Ben Carson - Carson is a mild-manner idiot-savant with a distinguished career as a doctor. As a politician he is given to saying the loopiest, most absurd things, and has been revealed as a bit of a huckster besides. Having promoted questionable supplements from Mannatech, he dismissed questions about his relationship with that dicey company as "total propaganda." It's his moment in the sun, but this too shall pass. Remember Herman (9-9-9) Cain?
Chris Christie - Christie is trying so hard to be relevant, but he doesn't seem to realize that he is toast. People read the papers and watch the news. They know about the bridge closures, the bond-rating downgrades, the continuing despair of the hurricane Sandy victims, the obvious graft and corruption around the Port Authority, etc.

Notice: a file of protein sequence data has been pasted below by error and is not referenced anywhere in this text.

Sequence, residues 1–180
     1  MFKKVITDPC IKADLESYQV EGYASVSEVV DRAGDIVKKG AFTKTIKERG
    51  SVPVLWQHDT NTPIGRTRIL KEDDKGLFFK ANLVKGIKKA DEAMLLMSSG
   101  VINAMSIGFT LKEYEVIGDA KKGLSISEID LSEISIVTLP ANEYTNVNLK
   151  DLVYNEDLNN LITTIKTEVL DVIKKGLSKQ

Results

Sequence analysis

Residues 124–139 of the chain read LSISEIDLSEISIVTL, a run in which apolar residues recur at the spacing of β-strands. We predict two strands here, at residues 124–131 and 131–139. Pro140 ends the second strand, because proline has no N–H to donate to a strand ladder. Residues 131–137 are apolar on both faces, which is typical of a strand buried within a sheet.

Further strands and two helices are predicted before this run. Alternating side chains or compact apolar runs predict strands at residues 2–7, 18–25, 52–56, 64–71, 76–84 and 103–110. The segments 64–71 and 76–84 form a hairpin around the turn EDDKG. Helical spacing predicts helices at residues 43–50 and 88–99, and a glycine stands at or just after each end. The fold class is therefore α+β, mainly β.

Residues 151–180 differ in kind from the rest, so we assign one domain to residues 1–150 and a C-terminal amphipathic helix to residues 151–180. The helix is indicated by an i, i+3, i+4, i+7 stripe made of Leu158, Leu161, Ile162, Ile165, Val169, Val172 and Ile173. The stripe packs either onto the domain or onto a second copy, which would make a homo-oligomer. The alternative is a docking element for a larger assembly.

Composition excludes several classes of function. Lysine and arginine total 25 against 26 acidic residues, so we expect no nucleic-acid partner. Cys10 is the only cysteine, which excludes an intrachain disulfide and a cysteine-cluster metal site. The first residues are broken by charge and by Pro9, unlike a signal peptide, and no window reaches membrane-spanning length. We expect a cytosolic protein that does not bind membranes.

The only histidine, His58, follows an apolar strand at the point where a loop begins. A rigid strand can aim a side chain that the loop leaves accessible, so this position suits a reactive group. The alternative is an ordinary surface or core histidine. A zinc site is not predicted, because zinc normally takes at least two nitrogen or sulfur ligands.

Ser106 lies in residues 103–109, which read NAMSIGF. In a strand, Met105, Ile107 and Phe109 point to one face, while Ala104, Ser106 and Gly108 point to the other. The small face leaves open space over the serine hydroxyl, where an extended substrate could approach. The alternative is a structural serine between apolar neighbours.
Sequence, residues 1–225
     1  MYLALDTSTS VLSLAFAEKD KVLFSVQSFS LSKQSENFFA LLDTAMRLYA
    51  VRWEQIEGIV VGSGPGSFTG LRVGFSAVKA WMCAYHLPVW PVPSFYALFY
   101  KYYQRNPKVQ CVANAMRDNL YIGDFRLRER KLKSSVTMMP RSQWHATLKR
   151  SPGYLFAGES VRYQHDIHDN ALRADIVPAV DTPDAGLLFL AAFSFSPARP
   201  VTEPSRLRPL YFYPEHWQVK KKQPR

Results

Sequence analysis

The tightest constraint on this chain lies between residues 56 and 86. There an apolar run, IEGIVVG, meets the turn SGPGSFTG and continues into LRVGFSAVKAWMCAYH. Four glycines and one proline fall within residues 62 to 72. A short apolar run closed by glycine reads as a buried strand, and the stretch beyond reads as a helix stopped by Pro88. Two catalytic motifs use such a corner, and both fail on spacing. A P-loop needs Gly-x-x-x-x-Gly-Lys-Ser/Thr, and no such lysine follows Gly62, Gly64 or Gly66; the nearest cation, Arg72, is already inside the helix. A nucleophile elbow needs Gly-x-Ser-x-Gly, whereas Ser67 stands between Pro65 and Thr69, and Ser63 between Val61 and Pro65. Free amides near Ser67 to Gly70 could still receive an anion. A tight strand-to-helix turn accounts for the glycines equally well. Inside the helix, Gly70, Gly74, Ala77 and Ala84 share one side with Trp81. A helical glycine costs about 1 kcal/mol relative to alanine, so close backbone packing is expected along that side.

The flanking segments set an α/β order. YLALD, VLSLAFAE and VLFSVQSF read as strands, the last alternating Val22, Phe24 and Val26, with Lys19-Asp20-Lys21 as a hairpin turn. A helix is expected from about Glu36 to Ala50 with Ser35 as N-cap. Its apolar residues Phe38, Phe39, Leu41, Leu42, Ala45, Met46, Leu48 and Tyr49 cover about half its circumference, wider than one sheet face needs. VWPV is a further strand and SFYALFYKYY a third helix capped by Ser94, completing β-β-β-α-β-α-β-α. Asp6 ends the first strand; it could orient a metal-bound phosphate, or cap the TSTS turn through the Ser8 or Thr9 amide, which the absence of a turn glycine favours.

Ted Cruz - Cruz is truly a snake in the grass. He's just lurking around waiting to scoop up the supporters of Trump and Carson when those two lose their cachet. Why someone so determined to destroy our government wants to be president of it is beyond comprehension.
Carly Fiorina - Carly talks a good line, as long as you don't look to closely at the facts. She thinks that because she is a woman she is the perfect opponent to the likely Democratic candidate Hillary Clinton. But she'll never make it that far. Her boasts about being a successful businesswoman are hollow (if she was so successful, some other company would have snapped her up after being fired from HP - that didn't happen). And she seems to think that if she repeats the whole Planned Parenthood video lie enough times it will be true.